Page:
Donald Trump has income investors scrambling for rate-hike (and even inflation) insurance. Fixed yields are out, while floating yields – which adjust higher in tandem with rates – are in.
Even if you’re skeptical (as I am) that we’ll see rates continue meaningfully higher anytime soon, inflation insurance is never a bad thing provided that:
- It pays a decent current yield (sorry, gold).
- We can buy it at a fair price.
The sudden popularity of “floating rate” issues may have you rightfully wondering whether or not this trade is already too crowded. Fortunately, my preferred vehicle for buying them is currently out of favor itself! And that presents us with some potential deals.
Closed-End Funds Trading at Discounts
Closed-end funds (CEFs) are a great place for contrary-minded income seekers like us to comb through. Unlike mutual funds, they have fixed pools of shares, like stocks. Which means they trade like equities – swinging up and down wildly, often for no good reason.
When investors decide CEFs are no good, they dump these issues below their net asset values (NAVs), or the value of their underlying assets. When a fund trades for a 10% discount to its NAV, you’re able to buy its holdings for just 90 cents on the dollar.
This is basically “free money” because these underlying assets are constantly marked to market. If a fund trades at a 10% discount, management could theoretically liquidate the fund and cash out everyone at fair value immediately. Or it can buy back its own shares to close the discount window (and boost the share price).
If you choose wisely, you can even buy a fund managed by the best bond minds on the planet. Like DoubleLine’s Jeffrey Gundlach, or PIMCO’s Dan Ivascyn.
A drawback of CEFs? The current headline concern is that they don’t do well when rates rise. These funds are able to use leverage and borrow cheap – at the LIBOR rate, which is just 0.88%. A more hawkish Fed may move LIBOR higher, and end the cheap money party for CEFs.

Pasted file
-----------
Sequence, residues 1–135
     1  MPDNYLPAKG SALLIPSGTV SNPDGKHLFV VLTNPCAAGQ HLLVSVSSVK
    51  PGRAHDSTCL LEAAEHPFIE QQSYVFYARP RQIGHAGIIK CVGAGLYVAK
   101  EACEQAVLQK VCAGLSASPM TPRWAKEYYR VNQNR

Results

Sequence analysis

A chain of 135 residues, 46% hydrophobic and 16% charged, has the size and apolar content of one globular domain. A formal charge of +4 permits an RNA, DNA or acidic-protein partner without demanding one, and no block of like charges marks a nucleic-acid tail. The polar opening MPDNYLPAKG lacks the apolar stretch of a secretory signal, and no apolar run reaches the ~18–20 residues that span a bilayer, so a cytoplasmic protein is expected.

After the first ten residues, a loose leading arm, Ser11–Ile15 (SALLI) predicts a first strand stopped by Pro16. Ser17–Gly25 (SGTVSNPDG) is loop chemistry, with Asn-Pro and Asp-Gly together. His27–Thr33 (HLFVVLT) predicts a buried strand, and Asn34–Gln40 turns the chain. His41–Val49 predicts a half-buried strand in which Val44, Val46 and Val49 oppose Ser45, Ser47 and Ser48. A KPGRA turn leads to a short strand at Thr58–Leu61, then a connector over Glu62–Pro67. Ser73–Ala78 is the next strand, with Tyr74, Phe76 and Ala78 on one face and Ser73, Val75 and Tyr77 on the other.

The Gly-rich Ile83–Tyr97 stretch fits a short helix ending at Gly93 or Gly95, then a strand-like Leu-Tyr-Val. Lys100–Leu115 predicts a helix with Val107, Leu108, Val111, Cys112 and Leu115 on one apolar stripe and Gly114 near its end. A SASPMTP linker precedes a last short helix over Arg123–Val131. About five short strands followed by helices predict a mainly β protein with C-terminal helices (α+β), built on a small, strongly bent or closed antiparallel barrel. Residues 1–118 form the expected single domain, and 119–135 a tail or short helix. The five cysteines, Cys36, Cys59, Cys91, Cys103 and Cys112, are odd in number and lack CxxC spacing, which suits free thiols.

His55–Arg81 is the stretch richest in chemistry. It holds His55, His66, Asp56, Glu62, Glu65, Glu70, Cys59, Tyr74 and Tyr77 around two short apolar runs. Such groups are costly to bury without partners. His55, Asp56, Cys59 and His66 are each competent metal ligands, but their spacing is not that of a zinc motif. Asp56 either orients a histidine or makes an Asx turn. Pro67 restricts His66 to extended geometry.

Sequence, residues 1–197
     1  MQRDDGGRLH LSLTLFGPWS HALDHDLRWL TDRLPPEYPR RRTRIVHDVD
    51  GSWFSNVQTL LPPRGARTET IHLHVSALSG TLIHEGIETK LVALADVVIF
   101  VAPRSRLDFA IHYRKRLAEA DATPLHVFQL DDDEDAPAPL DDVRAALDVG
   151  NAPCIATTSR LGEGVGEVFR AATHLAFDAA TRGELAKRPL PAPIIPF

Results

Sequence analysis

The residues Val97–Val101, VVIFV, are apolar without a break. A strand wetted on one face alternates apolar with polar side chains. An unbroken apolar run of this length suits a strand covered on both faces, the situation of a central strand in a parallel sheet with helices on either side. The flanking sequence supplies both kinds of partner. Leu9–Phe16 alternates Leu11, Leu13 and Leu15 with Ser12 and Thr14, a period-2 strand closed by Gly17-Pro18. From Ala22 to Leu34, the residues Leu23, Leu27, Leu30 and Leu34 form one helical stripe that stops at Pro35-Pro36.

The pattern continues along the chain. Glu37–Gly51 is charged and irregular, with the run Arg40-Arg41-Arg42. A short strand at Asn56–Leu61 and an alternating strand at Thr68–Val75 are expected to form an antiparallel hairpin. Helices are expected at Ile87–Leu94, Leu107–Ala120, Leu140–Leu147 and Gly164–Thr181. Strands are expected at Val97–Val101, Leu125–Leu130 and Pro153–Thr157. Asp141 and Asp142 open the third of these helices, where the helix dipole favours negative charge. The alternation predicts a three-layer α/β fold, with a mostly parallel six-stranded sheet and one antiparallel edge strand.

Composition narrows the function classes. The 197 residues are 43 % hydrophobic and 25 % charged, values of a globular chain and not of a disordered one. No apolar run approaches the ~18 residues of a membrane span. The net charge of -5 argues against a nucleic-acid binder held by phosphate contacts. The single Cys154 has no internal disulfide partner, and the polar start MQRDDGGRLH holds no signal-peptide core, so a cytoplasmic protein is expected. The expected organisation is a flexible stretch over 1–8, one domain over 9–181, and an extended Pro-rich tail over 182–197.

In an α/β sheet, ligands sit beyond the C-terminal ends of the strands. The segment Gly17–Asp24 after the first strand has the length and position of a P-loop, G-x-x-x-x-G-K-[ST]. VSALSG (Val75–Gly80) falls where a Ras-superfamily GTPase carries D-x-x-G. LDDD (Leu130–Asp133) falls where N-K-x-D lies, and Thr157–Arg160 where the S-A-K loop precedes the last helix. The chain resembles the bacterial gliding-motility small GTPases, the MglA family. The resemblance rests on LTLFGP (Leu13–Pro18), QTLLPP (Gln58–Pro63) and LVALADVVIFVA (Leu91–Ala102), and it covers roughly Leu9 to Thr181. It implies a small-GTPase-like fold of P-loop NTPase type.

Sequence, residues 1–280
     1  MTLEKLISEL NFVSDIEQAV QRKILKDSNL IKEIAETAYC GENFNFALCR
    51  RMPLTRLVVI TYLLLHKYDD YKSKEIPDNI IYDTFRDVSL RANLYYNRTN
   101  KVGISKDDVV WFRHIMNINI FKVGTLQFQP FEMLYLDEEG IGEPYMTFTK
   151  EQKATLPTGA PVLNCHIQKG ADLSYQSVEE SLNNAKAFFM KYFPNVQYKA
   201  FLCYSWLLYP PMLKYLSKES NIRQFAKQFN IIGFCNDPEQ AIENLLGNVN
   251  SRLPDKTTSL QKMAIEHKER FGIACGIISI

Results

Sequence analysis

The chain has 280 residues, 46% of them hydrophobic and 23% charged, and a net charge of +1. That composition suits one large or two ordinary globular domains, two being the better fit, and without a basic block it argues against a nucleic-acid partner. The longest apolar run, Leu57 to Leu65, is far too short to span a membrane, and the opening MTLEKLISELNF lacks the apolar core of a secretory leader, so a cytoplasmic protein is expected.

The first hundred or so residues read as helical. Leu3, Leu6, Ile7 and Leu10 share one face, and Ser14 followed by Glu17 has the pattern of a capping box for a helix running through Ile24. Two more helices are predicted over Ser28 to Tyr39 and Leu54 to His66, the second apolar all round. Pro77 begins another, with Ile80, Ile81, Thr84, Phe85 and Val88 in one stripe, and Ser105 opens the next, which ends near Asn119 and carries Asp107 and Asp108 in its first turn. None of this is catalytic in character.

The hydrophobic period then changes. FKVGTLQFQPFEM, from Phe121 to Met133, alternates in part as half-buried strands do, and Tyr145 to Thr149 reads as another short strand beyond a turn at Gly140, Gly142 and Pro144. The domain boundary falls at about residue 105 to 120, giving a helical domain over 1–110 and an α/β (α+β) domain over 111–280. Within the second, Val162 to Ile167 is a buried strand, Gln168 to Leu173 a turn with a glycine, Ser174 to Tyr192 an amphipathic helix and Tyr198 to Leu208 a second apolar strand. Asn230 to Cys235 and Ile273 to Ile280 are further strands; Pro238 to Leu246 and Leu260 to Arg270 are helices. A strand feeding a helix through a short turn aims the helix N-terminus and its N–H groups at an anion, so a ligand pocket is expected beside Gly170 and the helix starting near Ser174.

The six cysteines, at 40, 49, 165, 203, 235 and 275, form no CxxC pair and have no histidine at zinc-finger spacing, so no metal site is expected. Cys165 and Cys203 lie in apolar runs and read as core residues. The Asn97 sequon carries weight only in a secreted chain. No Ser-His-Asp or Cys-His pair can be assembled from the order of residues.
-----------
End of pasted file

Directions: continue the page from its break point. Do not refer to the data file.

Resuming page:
That’s the theory, at least. In practice, it’s wrong. Historically higher rates have been no problem at all for CEFs. During the last major rate hike period (2004 to 2006), blue chip CEFs beat the broader market easily:
Higher Rates No Problem for Top Closed-Ends 2004-06
Overhyped Worries Make Floating Rate CEFs Cheap
CEFs themselves aren’t a distinct investment class. They’re just a vehicle, like mutual funds, with varieties of managers, mandates and investment strategies.
Since closed-ends tend to pay higher yields, investors hear “higher rates” and think, “sell CEFs.” In doing so, they indiscriminately toss some excellent funds in the bargain bin.
And that’s where we can find some floating rate bargains today. Here are five floating rate bond funds paying 5.3% to 7.3% yields discounts or more currently trading at discounts up to 6.7%:
An 8.7% Floating Rate in Disguise
These discounts have already been bid down some as investors flock to the “floating rate” tip offs in these fund names. Meanwhile other rate-neutral funds are hiding in plain sight – trading at bigger discounts, and paying higher yields.
Take my favorite preferred share fund, for example. It pays an 8.7% yield today and trades at a generous 8.7% discount – thanks to the mistaken belief that most preferred stock pays fixed yields.
That may have been the case 10 years ago, but today the majority of preferred issues pay floating yields.
Preferred shares have other benefits, too. Their owners have a higher claim on dividends than mere common shareholders, which means they get paid first. A savvy manager can build a portfolio with a high payout stream funded by companies that have excellent cash flows and balance sheets.
Secure 8%+ income streams like these will help you stretch a nest egg as modest as $500,000 and make it last forever. Every half-million bucks should generate $40,000 or better annually, with some price upside as discount windows close – like this 8.7% sale.
Of course you’ll also need to diversify your nest egg into other rate-hike and recession proof income streams. You won’t read about these vehicles often in the mainstream financial media, because most financial advisors and even money managers don’t know about them.
But I specialize in uncovering contrarian 8%+ income opportunities like these. Click here and I’ll explain more about my strategy and my favorite stocks and funds to buy for a secure retirement on $500,000.